So is testing dead?

Yes if you mean factory style mindlessly following standards and pre-scripted testing.

No if you mean sapient critical skillful and context-driven testing.

or in other words

Testing is dead, long live testing!


7 thoughts on “Is testing dead?

  1. I’m a Senior QA Analyst at a fairly large Digital Agency. Chances are very good you have been to a site we created or used a mobile app we have developed or designed. We work on large very publicly facing projects for big name clients.

    I’ve been reading on the whole “Test is Dead” thing on multiple blogs and watched the keynote that spurned it. While there are some good points presented (such as the decrease in rigid test case relevance) I do have to argue with the idea of users becoming testers. While this is a nice idea for a small start up or a Google product that is in beta for years it does not make sense for our clients. They are not paying us thousands or even millions of dollars to re-brand their site and have their users have a bad or buggy experience. Their brand is important and they want it presented in the way they paid for.

    What do you think if you hit a major brand site for information on their products or services and find a bug? I am sure you aren’t thinking about how modern their development process is. You now think about that brand in terms of having a shoddy website or mobile application. Not something our clients are looking for. It’s not possible to have a bug free launch but we need to be as close as possible.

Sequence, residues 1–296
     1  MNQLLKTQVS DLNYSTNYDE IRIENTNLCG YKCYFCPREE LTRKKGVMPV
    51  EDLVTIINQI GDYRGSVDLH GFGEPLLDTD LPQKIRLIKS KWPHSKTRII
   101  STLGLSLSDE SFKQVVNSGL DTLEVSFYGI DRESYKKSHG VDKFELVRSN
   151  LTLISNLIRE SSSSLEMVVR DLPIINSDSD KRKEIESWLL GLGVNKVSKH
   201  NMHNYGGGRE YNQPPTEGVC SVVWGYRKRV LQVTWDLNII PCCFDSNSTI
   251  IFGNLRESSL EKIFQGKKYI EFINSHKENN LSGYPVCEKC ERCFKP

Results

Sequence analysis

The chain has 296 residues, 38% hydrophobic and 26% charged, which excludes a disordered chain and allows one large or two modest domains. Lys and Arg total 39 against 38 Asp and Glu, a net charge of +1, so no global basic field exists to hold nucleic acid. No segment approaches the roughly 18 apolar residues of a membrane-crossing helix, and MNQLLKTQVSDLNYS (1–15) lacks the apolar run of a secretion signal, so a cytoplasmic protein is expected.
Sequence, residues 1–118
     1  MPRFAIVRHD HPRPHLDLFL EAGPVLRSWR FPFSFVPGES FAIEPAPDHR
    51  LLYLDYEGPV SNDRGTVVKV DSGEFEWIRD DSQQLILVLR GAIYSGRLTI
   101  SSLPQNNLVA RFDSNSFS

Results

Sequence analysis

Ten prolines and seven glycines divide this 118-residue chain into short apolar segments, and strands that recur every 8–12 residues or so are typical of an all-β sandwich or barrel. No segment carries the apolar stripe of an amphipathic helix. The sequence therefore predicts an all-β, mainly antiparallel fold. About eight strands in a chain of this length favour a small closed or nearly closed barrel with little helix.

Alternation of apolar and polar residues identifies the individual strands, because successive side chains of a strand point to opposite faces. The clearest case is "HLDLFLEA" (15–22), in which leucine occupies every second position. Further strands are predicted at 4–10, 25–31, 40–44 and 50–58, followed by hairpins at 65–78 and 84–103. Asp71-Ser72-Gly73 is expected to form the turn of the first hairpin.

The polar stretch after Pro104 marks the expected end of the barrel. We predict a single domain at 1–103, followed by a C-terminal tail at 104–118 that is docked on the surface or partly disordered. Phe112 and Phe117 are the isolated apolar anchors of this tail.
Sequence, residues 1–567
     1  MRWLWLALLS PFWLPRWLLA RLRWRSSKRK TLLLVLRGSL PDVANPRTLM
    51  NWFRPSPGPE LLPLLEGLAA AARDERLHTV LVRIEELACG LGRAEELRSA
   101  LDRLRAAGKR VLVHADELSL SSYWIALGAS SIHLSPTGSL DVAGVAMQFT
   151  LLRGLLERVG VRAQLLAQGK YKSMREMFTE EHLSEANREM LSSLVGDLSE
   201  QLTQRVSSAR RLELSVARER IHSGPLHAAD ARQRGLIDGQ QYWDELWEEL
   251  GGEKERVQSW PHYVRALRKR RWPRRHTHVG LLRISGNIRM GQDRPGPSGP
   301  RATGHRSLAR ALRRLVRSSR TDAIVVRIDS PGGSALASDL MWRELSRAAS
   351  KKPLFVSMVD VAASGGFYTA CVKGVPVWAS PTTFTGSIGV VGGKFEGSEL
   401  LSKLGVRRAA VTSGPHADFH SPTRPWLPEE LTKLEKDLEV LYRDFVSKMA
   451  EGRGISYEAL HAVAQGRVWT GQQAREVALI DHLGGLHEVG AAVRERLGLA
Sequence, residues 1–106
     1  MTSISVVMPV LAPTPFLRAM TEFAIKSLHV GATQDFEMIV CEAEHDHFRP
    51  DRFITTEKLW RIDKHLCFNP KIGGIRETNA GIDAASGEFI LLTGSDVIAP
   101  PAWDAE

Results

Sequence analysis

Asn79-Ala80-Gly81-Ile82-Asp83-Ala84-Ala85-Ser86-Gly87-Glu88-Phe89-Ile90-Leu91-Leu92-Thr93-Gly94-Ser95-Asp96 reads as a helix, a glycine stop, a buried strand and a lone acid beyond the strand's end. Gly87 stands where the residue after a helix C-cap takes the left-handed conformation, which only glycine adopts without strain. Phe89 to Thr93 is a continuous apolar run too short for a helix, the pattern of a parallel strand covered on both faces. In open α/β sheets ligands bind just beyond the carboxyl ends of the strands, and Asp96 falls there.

I suppose I should address the possibilities of moving the onus back onto the role of developer and while that could work there is still a level of comfort in having an individual or group of individuals double check their work before going to production. Agency work is fast paced and we are always trying to be innovative and cutting edge with what we produce and still do that work within a short time frame. This is not a recipe in which a developer is able to ensure a quality end result at all times.

    Companies who pay millions of dollars for software development work do not think testing is dead. In fact they really can’t get enough testing.

    To sum up there is room for innovation in our industry and there is a lot more we can do to move it forward but removing the role of tester is not the answer in all cases or even most of cases.


    • Hi Kate,

      Thanks for the comment.
      Since I work at a rather large bank I understand what you are saying. Banks, insurance companies, webshops, and other brand sensitive organizations get a lot of value out of the public ‘good will’. Most of them are very aware of the potential impact that production bugs can have. As a result they do not have any intention to release software virtually un-tested to their customers. So I do not expect the role of testers to dissapear any time soon. But we should be aware that the environment in which we work is changing (agile, lean, etc.) and that we as testers will have to change with it.
      For a long time now Testing and QA seem to change only at a slow pace. And if you aim to be a stable factor in a otherwise turbulent environment you should probably not follow every whim that shows its face. But that doesn’t mean you ought not develop yourselves. It only means that testing as a craft has to be critical and thoughtful towards new developments and value them both for their merrits and their flaws. Good developments should however not be ignored.
      As far as I am concerned the “test is dead” paradigm is not one of those good developments.
      At least not for my context.



      Fairly large digital agency is a nice cryptic description of a huge incorporated.